As EcoHouse Group continues to pay out hundreds of thousands to it’s Singaporean investors the question on everyone’s lips is that when the current Bosque projects currently under construction near Natal, Rio Grande do Norte are finally completed early next year which will be the next state to benefit from EcoHouse’s Minha Casa Minha Vida developments which have been reported as being some of the highest quality social housing units ever constructed in Brazil.
Many people have speculated that their will be further projects launched in Rio Grande do Norte, after all this is where EcoHouse has it’s main offices, but EcoHouse’s purchase of a controlling stake in the Brazilian construction company Conisa last earlier this year means that that have more resources to build further a field and other north east states such as Maranhão, Ceará, Paraíba and Piauí have been mentioned on a number of occasions, but what about state north typically classed and North Eastern state such as Tocantins for example?
Tocantins is the newest state of Brazil. It’s only existed in the central zone of the country since 1988 when it was separated from Goias. Its new capital city, Palmas, was started the following year. The other main towns and settlements in Tocantins mostly date from the old Portuguese colonial period. The state has mixed geographical features, influenced as it is by the Amazon and other river systems. These include huge hydroelectric potential which involve the Tocantins and Araguaia Rivers. In contrast, other parts of the state have extensive open grasslands and pasture areas as well as some rainforest near the Amazon river. Another interesting aspect of Tocantins is the Ilha do Bananal in the south west which is in fact the largest river-island in the world. It’s in the Araguaia River, between two forks, and has a huge area of 7,400 square miles (which is about twice the size of Jamaica).
Although the area has significant rainfall the soil is generally not very good for farming as it lacks natural nutrients. This is a feature of the ‘cerrado’ landscape which covers a wide area of central Brazil. The main feature of this kind of land is extensive grassland and savanna, mixed with some alpine style pastures. Agriculture was always possible; however, it just required more soil-management than in some other areas. Nowadays modern fertilizer and nutrition techniques have made food-growing not just viable but much more profitable than it used to be.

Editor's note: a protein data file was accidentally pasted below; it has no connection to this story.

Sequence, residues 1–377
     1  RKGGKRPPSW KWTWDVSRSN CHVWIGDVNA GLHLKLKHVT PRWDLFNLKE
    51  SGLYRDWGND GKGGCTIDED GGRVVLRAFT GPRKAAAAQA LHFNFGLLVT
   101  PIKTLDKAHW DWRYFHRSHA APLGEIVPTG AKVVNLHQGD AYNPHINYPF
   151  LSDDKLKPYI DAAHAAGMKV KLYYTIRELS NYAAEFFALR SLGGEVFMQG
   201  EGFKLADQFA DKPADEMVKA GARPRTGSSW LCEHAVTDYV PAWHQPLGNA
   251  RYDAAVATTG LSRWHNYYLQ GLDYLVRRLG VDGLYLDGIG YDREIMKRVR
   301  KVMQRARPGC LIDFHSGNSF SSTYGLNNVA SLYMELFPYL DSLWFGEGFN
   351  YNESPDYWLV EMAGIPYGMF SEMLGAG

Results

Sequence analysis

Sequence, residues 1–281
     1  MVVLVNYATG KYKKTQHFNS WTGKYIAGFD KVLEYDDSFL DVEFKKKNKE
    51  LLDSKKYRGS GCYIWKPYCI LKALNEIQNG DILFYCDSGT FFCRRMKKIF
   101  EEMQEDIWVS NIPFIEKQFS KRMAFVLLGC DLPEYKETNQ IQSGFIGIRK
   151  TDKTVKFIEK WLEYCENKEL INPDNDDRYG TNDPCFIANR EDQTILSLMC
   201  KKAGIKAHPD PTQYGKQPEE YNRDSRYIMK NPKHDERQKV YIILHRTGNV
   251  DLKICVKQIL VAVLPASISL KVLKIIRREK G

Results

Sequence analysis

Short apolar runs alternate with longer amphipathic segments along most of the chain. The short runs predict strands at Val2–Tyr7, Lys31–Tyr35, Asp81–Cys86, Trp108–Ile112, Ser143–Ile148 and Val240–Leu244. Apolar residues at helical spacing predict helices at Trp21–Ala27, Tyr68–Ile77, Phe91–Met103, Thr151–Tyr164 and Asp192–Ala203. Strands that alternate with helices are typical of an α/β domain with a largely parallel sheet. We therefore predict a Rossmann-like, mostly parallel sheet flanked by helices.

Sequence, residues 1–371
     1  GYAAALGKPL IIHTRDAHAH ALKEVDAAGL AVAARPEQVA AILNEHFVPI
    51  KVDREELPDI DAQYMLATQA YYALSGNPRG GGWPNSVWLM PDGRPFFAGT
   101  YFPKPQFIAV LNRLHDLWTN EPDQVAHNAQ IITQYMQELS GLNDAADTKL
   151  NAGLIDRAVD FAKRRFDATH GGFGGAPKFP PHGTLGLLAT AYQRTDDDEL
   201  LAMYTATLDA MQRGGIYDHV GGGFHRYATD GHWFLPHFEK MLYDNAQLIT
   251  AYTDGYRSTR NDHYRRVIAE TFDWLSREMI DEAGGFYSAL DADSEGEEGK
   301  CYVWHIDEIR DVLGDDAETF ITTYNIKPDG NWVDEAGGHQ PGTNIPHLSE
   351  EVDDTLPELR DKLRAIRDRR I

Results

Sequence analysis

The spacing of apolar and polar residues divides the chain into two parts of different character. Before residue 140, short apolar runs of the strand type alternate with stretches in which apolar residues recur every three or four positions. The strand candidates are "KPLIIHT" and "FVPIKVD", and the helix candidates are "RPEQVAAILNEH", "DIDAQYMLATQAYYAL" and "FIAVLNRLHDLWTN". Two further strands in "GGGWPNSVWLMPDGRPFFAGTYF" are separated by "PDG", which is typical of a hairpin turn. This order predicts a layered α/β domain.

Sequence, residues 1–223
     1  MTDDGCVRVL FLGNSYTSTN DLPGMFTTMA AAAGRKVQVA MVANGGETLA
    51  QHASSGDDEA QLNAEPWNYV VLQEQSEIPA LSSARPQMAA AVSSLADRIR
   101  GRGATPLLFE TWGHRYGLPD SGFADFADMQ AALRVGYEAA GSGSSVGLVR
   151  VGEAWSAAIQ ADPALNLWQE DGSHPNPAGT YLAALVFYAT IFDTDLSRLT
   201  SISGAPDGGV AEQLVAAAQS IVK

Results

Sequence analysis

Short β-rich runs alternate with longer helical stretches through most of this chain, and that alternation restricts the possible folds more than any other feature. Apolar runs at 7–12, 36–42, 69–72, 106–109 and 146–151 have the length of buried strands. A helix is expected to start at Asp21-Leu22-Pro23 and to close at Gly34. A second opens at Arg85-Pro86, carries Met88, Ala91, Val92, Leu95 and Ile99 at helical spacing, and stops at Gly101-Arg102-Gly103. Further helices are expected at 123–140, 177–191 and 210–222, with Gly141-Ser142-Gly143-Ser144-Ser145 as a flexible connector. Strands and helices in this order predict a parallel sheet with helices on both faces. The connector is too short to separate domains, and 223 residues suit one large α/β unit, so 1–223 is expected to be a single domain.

The history of the region started back in the early seventeenth century. The fist recorded penetration by European explorers was in 1625 when Jesuit missionaries first arrived, Their main purpose was of course to convert the local people to Christianity but eventually they were followed by settlers who had much more worldly intentions. These often involved the indigenous tribespeople (and not usually to their advantage). Until 1988 Tocantins was the northern, relatively inaccessible part of Goias State. Over the years, however a sense of separate identity had been slowly but surely developing which eventually led to separation. The new state has steadily extended its agriculturally based economy since then. The main city of the state of Tocantins is its capital, Palmas which has about a quarter of a million people in its metropolitan area. Other major towns and settlements include Araguiana with about 150,000 people and Gurupi with seventy-five thousand. There are about a dozen other significant towns with populations above twenty thousand or so.
These days the state is seen as having great potential for the future and every year thousands of immigrants from all over the country immigrate to live and work in the area.